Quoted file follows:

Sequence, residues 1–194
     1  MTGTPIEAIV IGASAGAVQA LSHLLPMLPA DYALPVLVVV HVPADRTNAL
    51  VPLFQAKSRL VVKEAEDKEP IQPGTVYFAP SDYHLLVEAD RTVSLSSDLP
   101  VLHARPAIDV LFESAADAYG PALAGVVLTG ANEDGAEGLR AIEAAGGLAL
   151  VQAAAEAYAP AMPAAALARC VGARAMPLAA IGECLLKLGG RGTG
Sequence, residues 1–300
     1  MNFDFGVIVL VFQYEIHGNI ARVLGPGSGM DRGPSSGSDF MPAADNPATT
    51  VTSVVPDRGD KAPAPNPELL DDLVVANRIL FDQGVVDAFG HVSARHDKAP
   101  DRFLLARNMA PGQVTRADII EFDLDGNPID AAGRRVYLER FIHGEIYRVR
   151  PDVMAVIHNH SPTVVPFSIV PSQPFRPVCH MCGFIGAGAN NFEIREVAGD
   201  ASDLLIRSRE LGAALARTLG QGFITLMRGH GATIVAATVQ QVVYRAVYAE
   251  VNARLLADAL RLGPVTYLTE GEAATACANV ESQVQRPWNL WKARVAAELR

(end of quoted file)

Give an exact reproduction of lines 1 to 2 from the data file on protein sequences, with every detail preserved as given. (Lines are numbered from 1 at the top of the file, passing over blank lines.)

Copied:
Sequence, residues 1–194
     1  MTGTPIEAIV IGASAGAVQA LSHLLPMLPA DYALPVLVVV HVPADRTNAL